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— Chuck Aldridge, OD
Diabetic retinopathy affects over 95 million people worldwide and is the leading cause of blindness among working-age adults. Early screening to detect minor changes in the eye can reflect a change in the overall health status of a patient. Once DR is diagnosed, tracking progression and treatment success becomes key to delaying vision loss.
Fortunately, you are practicing in a time of great innovation. While electroretinography is not new, there are now ERG tests that are practice-, technician-, and patient-friendly that help us manage patients who are at risk for, and already have, diabetic retinopathy.
Seeing requires both healthy eyes for vision and a healthy brain for processing visual inputs. According to the latest research, visual problems may be one of the most reliable indicators that something is wrong with the brain and one of the best ways of tracking brain healing over time. This gives optometrists a unique opportunity to evaluate brain function while evaluating vision. Set your practice apart by offering your patients the peace of mind of baseline concussion testing or play an active role as part of a concussion management team.
A new study has been published that examines clinically relevant outcomes in glaucoma in relation to three different forms of tonometry. Goldmann, Corneal Compensated IOP (IOPcc), and Rebound tonometry were evaluated in open-angle glaucoma patients. This study showed that not all IOP readings are equivalent. IOPcc had the strongest association with visual field loss (24.5%); more than double the association of Goldmann applanation tonometry (11.1%), and more than four times that of Rebound tonometry (5.8%). These results indicate that IOPcc readings may be a better risk factor for glaucoma.
Daga, FB, Diniz-Filho, A, Ogata, NG, Susanna, BN, Susanna, CN, Medeiros, FA. (2019) Association Between Rates of Visual Field Progression and Intraocular Pressure Measurements Obtained by Different Tonometers, Ophthalmology, Volume 126, Number 1, 49-54.
Ergonomic design and eye care don’t always go together – in fact, eye care practitioners are often extremely susceptible to injuries and musculoskeletal disorders due to poor postures and outdated equipment.
In this white paper from Haag-Streit USA, you’ll learn:
- Where eye care practitioners are most likely to experience injuries and chronic pain
- Which equipment is most likely to cause these issues
- What kind of ergonomic adjustments can be made to prevent these disorders from occurring
Daily aches and pains aren’t required as part of your job description – find out how you can make simple adjustments to your daily routine and eye care equipment for a healthier, happier, and more productive career.
Are you looking for ways to earn more revenue in a competitive market? 10%-15% of the patients already walking in your door for refractive needs also have medical needs. Adding medical optometry services to your practice helps you generate more revenue and improve patient outcomes.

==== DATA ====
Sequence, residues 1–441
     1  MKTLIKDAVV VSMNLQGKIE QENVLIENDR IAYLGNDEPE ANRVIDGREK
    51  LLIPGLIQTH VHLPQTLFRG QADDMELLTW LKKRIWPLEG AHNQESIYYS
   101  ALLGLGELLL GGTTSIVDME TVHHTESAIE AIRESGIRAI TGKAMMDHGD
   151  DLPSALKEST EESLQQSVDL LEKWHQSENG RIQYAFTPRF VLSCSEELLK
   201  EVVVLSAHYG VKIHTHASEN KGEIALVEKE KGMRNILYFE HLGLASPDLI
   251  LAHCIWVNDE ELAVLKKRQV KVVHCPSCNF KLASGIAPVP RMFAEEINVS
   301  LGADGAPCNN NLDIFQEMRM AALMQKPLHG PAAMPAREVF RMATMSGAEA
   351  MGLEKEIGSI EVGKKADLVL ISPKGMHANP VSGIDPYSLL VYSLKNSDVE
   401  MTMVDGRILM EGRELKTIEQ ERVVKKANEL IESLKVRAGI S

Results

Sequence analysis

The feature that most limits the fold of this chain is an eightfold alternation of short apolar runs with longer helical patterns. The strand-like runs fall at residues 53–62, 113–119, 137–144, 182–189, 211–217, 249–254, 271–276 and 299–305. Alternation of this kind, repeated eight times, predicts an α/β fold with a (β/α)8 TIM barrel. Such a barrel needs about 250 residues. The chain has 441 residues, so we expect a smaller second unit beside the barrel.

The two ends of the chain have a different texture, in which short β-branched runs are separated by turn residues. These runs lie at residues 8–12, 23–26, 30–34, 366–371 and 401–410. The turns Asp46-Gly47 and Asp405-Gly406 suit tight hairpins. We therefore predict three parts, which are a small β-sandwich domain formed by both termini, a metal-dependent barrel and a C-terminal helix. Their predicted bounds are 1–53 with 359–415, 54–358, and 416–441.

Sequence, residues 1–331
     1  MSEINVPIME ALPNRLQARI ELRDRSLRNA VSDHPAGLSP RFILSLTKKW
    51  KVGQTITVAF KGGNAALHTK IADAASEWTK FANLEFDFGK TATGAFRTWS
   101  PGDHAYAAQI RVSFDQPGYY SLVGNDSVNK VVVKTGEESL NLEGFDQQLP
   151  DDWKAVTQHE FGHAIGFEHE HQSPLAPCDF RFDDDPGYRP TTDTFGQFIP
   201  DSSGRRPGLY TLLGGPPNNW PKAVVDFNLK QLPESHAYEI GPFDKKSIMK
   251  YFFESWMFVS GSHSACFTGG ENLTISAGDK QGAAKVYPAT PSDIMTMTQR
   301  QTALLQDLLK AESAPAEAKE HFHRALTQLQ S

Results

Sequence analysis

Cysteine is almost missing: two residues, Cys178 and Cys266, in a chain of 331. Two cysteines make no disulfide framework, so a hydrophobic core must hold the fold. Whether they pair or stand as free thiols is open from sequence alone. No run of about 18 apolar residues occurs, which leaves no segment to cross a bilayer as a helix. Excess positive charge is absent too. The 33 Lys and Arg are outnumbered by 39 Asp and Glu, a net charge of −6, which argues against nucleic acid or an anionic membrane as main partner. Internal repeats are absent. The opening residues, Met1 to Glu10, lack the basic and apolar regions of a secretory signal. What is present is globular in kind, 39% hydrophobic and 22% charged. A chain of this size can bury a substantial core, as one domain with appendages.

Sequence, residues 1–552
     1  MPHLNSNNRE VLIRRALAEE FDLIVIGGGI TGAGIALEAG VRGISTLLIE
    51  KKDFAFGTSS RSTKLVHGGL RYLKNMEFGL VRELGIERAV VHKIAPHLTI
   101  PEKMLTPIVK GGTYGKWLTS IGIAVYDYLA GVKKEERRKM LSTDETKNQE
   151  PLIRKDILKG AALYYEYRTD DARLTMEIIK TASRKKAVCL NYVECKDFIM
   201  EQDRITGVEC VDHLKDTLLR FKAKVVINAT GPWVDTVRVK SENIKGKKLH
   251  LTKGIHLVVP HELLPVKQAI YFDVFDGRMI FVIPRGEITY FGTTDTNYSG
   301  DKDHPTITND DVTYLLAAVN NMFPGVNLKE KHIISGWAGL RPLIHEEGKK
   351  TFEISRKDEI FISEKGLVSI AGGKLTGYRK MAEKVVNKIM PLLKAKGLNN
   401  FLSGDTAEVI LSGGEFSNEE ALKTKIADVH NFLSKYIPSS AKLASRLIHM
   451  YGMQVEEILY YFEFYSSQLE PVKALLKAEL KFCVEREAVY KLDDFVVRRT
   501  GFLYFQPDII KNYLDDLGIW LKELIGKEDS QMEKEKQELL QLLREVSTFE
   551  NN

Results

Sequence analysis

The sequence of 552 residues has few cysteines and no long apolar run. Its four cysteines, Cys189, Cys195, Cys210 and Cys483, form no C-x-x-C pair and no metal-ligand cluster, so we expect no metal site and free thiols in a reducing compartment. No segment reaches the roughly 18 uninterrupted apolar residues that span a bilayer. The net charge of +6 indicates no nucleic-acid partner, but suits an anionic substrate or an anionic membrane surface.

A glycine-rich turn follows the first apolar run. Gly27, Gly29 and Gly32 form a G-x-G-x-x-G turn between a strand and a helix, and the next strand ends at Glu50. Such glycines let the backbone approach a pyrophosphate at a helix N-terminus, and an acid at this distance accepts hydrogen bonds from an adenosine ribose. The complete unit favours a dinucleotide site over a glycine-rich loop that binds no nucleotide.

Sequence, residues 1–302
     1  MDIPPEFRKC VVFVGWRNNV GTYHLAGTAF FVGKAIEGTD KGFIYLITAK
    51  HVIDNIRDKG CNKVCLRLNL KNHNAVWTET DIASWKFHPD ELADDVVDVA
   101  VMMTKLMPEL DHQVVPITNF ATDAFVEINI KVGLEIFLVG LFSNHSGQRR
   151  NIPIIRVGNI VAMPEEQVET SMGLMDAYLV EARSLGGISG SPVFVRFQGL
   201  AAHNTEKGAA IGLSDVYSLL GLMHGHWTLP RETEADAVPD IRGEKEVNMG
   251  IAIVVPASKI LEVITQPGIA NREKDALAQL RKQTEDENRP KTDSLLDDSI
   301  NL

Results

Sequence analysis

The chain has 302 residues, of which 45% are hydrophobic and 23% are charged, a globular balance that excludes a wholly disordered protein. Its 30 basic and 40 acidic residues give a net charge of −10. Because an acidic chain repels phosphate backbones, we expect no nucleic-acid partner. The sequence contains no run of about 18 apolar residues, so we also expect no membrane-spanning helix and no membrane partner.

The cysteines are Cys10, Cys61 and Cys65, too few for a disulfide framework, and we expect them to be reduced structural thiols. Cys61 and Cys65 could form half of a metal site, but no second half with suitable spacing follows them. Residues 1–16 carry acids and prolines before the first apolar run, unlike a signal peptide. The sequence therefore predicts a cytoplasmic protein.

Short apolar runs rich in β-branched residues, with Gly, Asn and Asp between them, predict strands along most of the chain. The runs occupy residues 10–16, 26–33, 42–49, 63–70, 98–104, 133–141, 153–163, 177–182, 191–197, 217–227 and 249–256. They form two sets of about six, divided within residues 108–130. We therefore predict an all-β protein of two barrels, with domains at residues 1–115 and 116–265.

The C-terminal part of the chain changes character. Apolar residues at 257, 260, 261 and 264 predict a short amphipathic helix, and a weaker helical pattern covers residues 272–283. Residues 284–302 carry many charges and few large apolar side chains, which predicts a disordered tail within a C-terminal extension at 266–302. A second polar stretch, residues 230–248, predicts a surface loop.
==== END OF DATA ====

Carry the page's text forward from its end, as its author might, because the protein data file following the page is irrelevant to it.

Read the guide, 5 Ways to Differentiate Your Optometry Practice, to learn how you can add 5 quick-to-deliver and profitable services for your practice, including concussion care, aging eye & brain health, sports vision, reading assessments, and digital device strain.
NeuroVisual Medicine is a specialty that involves the identification and treatment of heterophorias less than 2D (mostly vertical) using micro-prism lenses. This allows the NeuroVisual Specialist to bring relief to the 10% of the population where the heterophoria is causative of serious, chronic and debilitating medical symptoms including headache, dizziness, anxiety, gait/balance disturbances, neck pain, and persistent traumatic brain injury symptoms.
This White Paper focuses on treating vertical heterophoria with micro-prism lenses, and the successful reduction of three of the most frequent and disruptive symptoms – headache, dizziness and anxiety. It is an accurate representation of the care that has been provided to over 10,000 patients since 1995. To date over 20 optometrists nationally and internationally have been trained to provide this care.
Over the past 15 years, tremendous advances have been made in the detection and treatment of age-related macular degeneration (AMD) giving rise to numerous peer-reviewed scientific papers published every month. Although the expanded knowledge is valuable, the information overload makes it difficult for clinicians to keep up with the constantly evolving science.
Athletes at all levels need more than good Snellen acuity to succeed in a highly dynamic playing environment. Set your practice apart by helping patients better understand how vision affects their performance—and what they can do about it. Here is a step-by-step guide to build your sports vision practice from the ground up. Learn from a real-life case study how one OD created a new source of revenue and improved patient retention in his practice by adding sports vision services.
To make the most of the latest treatment options, such as corneal collagen cross-linking, it is crucial that keratoconus is detected early in the disease process. Read about the role of advanced screening tools and how they can help diagnose keratoconus earlier to improve patient outcomes.
A prospective study to evaluate the safety and efficacy of a novel mechanical eyelid device used by the patient at home for one minute each day (NuLidsTM by NuSight Medical, LLC, Rancho Santa Fe, CA) under the doctor's supervision for the treatment of dry eye disease (DED), blepharitis and meibomian gland disease (MGD).